Quite a few physics engines don't help much with this particular problem though. If you step the physics world in too large or variable intervals (e.g. once per frame), then small and fast objects can still tunnel through thin objects without registering a collision, you need to tweak the step size for your specific scenario (smallest and fastest objects), call the step function in fixed intervals several times each frame, and carry the last remaining 'time slice' over to the next frame.
And since the obvious next question is: Why don't all physics engines implement a "proper" continuous collision system? I guess because checking collision in discrete steps is a lot cheaper, so that it may be an acceptable tradeoff if one knows the tunneling problem exists and how to work around it.
I also designed my own 3D engine but after attacking the physics engine, I quickly (and, never regrettably!) switched to the open source Bullet engine instead after going through its code. I would never have the stamina to write that, and all that code and bunch of algos are really necessary for doing physics in "free world" games like mine.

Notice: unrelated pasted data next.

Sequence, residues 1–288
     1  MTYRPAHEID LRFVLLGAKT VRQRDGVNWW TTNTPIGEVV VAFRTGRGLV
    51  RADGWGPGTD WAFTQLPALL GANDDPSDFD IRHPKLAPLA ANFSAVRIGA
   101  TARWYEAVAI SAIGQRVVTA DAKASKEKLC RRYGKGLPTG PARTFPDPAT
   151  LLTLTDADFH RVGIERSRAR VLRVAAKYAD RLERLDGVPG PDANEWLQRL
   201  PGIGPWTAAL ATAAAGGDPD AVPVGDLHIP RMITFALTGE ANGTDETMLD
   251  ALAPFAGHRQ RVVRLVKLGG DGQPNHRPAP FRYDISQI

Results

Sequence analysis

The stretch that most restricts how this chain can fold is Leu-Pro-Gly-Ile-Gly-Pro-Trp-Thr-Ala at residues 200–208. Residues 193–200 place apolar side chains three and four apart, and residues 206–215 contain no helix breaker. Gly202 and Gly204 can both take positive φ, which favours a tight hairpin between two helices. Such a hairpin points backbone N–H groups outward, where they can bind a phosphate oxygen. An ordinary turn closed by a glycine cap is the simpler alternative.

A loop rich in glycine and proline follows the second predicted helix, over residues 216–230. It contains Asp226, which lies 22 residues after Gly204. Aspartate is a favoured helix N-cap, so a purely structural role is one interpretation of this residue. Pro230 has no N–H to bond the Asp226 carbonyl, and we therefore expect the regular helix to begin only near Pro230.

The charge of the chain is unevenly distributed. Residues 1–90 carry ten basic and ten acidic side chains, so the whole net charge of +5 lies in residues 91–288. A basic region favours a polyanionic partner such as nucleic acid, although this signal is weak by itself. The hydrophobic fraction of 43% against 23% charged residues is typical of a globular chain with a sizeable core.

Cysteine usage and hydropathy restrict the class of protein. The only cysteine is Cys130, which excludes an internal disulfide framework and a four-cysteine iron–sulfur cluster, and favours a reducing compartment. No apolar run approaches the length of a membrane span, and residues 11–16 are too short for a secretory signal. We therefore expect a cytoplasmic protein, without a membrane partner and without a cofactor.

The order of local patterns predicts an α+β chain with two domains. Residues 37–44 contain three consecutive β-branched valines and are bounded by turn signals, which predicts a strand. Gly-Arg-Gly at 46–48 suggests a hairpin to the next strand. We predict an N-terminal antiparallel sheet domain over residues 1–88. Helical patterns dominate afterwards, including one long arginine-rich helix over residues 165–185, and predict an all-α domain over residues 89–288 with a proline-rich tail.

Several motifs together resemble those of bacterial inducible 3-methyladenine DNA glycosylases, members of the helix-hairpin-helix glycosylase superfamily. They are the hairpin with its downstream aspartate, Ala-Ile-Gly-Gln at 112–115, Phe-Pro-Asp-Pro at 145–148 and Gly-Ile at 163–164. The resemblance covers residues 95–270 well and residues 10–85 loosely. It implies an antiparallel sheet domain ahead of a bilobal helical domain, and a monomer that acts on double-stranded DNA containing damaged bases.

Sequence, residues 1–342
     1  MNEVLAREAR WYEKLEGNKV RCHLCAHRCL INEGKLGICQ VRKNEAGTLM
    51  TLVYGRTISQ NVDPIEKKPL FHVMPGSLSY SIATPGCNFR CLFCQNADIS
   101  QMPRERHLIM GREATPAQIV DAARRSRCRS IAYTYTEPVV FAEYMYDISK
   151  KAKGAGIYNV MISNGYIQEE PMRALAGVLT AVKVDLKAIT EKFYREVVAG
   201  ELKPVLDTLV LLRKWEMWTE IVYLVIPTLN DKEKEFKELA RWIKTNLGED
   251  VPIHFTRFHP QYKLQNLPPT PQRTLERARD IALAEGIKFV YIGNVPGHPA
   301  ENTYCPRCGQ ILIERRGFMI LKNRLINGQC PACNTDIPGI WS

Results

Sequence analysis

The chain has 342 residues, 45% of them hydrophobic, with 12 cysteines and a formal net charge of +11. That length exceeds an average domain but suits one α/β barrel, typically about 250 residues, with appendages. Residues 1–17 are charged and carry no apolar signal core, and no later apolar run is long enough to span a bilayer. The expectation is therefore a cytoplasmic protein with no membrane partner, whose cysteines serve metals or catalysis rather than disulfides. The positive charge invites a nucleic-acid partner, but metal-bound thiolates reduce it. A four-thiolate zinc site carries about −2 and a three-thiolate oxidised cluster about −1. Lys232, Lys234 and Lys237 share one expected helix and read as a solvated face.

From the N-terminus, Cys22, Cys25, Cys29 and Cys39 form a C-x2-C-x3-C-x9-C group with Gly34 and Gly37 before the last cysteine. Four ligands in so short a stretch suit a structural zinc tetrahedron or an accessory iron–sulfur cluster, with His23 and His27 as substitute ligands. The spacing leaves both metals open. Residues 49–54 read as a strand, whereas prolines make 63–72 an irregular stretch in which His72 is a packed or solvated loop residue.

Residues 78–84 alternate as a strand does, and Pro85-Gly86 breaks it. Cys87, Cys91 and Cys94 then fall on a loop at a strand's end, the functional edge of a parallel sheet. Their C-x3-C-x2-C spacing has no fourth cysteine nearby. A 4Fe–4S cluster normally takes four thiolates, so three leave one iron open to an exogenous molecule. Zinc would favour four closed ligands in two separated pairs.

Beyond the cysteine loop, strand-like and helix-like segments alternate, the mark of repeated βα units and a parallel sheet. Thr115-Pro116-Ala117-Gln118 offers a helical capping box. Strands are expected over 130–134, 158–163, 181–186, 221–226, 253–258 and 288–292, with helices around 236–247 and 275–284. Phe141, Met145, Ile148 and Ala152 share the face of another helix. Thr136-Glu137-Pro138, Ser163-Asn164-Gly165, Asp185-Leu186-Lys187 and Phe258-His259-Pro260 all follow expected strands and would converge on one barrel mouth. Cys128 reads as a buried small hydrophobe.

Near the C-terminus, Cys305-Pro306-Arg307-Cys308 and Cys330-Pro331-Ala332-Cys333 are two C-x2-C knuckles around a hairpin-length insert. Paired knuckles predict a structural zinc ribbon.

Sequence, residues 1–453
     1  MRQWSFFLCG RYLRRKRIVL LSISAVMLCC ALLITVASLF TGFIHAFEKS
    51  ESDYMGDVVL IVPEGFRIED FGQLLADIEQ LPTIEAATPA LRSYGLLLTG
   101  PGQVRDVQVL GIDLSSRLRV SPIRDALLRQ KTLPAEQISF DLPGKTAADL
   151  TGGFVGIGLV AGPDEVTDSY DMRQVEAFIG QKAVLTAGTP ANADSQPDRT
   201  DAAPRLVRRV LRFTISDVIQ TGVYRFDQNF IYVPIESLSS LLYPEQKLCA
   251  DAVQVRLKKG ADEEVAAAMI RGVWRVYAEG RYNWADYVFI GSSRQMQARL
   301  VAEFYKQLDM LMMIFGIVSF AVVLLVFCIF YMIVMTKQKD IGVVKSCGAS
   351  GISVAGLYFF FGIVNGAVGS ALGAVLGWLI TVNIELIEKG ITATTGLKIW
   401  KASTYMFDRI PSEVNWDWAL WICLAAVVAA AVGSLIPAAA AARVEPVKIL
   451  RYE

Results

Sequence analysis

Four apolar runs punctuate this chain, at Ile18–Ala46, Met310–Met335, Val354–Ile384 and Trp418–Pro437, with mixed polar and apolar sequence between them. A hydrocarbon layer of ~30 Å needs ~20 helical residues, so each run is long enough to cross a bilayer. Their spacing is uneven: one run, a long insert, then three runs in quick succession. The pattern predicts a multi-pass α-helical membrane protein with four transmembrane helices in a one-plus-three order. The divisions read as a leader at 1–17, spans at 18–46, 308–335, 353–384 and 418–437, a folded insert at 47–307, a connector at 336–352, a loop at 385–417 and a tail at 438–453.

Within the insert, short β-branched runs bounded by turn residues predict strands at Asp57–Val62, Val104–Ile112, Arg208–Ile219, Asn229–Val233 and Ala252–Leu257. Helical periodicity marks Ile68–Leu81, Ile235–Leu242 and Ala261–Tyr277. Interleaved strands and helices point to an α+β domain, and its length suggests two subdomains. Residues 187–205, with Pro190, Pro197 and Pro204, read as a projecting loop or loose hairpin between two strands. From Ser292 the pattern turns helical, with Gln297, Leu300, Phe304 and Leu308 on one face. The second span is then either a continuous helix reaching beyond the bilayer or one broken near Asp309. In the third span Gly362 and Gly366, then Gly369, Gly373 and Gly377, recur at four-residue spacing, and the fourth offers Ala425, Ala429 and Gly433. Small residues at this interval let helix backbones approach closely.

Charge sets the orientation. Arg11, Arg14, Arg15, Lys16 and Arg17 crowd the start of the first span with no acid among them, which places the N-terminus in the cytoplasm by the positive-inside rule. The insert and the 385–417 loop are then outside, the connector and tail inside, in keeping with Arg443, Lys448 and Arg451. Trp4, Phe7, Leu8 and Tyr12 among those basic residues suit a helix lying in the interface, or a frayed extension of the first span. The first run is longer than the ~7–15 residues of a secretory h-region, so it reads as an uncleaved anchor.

Btw Bullet has continuous collision detection. It's not fundamentally magical - you extrude a hull of the shapes to do CCD on along their velocity tangents and collide the hulls instead of the shapes. This effectively solves the problem of bullets or other fast moving objects going through walls etc. (this is why the engine is called Bullet btw)
Actually the most difficult problem I had with the physics was the player physics, as its usually not handled by letting the player be a normal physics body (for gameplay reasons). The player shape can easily get caught up on infinitesimal seams between polygons and edges in the world around you. :)